Like a moth to a microphone

Speaking in front of an audience is not a space I enjoy navigating. I’ve had to endure public speaking for years in my professional life, and I can deliver. I’ve even been told that’s it’s one of my “core strengths” (that’s corporate speak for a top talent or attribute). I assure you, it is not. I have to know my material inside and out. Rehearse that shit and sell it. Inject a silly joke halfway through my slide deck as a trigger to myself that it’s almost over. I hate it.

Strangely, I love to tell a good story. I enjoy regaling close friends of something hilarious that happened, whether traveling in India or en route to my local coffee shop. I get off on publishing stories that strike a chord in someone so deeply that they spare a few precious minutes ripping into me in the comments section. Huddled behind my laptop, squinting one eye, tentatively refreshing my browser. I love it.

Storytelling events are popping up all over Los Angeles: Don’t Tell My Mother, Risk! and of course The Moth, which originated in New York and now hosts events across the country. I was craving a little escapism a few weeks ago, so I went to a Moth event solo to sit at the back of the room and watch as other storytellers bravely took to the mic to tell their tales, in front of a panel of judges, no less. Horrifying.

The topic was Culture Shock. Much to my delight, audience members who aren’t quite bold enough to unleash their stories verbally can jot down a few sentences related to the topic and drop it into a sack. The host then chooses a selection to read in between speakers. Right up my alley.

Not surprisingly, most of the stories were about experiences abroad, mishaps that occurred while traveling or living in some far off place. My two sentences were about the culture shock I experienced when I first moved to LA. And the host read my cheeky words, as I nervously sipped on my seven-dollar chardonnay. And the audience laughed. And it reminded me of the relief I feel when a joke lands during a presentation in my day job.

After moving to Los Angeles from Canada, I inadvertently strolled through Skid Row on my way to the Arts District. I’ve never been more relieved to see hipsters in my life.

In the last year I’ve turned down invites to speak at day-job-related conferences in San Francisco, Chicago and here in LA, but I did agree to sit on a panel discussion for one. It reminded me of Gloria Steinem’s book My Life on the Road, where she writes in great length about talking circles, a traditional Native American practice used to bring communities together and give people the space to speak freely. The formation of the circle ensures that no one is in a place of prominence, like some poor sod sweating bullets in a packed boardroom. I like that.

I’m going to another Moth event next week, this time the topic is Deadlines. Maybe I’ll sign up and step to the mic. Probably I won’t. But I’m glad there’s a space for storytellers to come together and inspire one another. It feels kind of necessary these days.

UPDATE: I signed up and dropped my name in the sack with minutes to spare, after the group of folks around me — all there solo too, strangely — convinced me. It’s a supportive crowd! But alas, my name was never drawn.

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Pappy & Harriet’s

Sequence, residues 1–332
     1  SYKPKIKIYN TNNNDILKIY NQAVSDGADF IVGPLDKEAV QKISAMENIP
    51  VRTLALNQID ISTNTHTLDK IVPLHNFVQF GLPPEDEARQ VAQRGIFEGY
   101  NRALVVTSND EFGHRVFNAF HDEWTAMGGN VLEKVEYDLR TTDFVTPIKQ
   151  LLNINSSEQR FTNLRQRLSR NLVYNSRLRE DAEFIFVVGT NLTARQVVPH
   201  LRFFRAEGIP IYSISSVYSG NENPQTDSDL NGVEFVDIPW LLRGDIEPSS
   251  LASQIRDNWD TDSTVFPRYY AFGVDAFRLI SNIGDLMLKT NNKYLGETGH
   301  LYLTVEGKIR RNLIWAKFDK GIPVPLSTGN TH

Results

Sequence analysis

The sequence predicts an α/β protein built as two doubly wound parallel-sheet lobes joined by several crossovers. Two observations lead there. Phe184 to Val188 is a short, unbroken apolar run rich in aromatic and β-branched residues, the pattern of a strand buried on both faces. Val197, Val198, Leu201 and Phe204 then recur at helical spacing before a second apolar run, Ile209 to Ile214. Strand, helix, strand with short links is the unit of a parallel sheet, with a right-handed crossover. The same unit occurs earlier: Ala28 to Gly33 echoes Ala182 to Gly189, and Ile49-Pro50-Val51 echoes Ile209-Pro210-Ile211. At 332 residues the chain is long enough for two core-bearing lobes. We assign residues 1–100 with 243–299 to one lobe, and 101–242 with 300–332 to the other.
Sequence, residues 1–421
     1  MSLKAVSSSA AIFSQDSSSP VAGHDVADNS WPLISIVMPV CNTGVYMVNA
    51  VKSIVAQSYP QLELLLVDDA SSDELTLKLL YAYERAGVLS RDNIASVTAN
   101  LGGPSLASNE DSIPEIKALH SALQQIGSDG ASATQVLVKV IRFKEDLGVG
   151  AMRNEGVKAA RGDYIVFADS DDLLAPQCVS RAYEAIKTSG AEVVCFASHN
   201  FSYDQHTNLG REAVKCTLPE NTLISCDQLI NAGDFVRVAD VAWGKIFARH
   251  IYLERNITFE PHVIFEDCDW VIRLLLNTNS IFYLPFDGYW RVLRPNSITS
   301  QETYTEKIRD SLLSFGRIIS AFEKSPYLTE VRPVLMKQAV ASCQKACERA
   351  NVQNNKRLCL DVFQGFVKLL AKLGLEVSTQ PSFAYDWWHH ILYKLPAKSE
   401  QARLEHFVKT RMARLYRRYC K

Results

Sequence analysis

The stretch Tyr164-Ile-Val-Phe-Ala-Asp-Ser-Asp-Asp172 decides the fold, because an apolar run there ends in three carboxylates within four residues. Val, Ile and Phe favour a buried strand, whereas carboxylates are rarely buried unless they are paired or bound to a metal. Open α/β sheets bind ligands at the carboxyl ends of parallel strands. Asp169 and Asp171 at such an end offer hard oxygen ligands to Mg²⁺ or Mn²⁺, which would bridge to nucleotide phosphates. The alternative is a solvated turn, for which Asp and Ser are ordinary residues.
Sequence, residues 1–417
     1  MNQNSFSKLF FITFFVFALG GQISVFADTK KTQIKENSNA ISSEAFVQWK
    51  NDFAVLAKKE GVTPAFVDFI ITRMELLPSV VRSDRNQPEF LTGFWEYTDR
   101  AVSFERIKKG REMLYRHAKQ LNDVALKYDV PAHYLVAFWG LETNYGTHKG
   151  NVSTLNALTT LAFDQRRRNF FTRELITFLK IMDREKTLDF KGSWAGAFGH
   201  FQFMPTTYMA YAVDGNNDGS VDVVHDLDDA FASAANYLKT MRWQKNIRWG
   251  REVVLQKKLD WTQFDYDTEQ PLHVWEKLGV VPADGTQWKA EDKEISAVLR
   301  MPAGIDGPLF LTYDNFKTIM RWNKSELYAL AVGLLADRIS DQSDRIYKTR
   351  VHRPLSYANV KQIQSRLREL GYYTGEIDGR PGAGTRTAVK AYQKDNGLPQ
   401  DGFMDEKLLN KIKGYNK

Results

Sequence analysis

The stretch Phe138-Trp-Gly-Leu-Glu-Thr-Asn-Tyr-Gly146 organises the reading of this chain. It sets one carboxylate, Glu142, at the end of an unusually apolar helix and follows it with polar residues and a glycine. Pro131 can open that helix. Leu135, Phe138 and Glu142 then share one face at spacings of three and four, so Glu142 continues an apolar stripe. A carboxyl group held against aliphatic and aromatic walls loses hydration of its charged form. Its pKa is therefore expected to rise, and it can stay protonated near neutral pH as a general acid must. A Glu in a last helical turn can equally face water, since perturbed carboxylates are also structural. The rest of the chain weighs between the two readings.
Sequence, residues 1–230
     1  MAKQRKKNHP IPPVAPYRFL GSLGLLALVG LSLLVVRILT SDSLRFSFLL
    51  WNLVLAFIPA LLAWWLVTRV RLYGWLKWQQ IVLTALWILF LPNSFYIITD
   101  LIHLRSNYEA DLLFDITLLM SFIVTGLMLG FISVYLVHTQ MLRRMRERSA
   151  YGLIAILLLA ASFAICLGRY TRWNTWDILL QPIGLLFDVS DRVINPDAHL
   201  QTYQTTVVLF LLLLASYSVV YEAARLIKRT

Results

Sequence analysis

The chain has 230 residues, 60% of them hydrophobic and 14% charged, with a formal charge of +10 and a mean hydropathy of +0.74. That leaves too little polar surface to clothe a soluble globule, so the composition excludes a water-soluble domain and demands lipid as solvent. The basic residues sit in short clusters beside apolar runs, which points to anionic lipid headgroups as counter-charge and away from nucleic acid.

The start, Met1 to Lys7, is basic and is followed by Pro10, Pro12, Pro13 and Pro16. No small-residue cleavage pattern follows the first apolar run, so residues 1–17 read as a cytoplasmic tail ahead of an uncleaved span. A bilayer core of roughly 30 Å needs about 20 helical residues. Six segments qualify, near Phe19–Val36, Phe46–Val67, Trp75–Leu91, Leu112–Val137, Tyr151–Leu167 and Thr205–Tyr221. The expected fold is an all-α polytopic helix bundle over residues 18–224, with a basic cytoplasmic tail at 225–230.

Los Angeles is known for attracting, inspiring and launching the careers of rock stars from all over the world, this we know. It’s also known for an unmatched live music scene with more venues than any other city in the US. From massive stadiums all the way down to dark little dive bars, the vibe is legit.

While there’s no shortage of live shows every night of the week in LA county, there’s a place – a strange and kitschy little place – about 2.5 hours east that stands out among the rest. A “palace” perched atop a long and winding desert road to nowhere in the Yucca Valley, where artists like Robert Plant and Vampire Weekend have graced it’s storied stage.

Pappy & Harriet’s, a cabaret style roadhouse situated on the edge of the Mojave Desert in Pioneertown, is almost too good to be true. I had read about bands I love dropping in for surprise appearances, and given the bars remote location, I had to see for myself what was drawing people there.

The road from Yucca is kind of a trip, especially at night. You immediately begin to climb in elevation, in complete darkness, save a few random folks who call the valley home. We did spot a massive pine tree decked out in twinkling Christmas lights on the edge of a cliff with no visible house nearby. How they got there is a mystery.

The moment you pull up, you’re hit with the intoxicating smell of mesquite barbecue smoking out back. The bar is part of a small village founded in 1946 by Hollywood filmmakers who intended to create a living movie set for western pictures. With facades based on an 1870s frontier town, it feels a little like Wyatt Earp will rise from the dead and challenge you to a duel at any moment.

A mix of bikers, old folks, families and cool kids clasping their bourbon-filled mason jars filled the place. While the food is worth the trip alone, we were there for the music. Anthony D’Amato opened with an acoustic set; he and his guitar and harmonica had a big enough sound to match an entire band. Then the headliners, Israel Nash, hit the stage and as D’Amato put it, launched into a set that would melt our faces off. Think Harvest Moon era Neil Young meets The Who meets rockabilly. Fuck, is that even possible? Maybe it was the electro-magnetic air, maybe it was the whiskey but it was the perfect soundtrack for a wild night in the desert.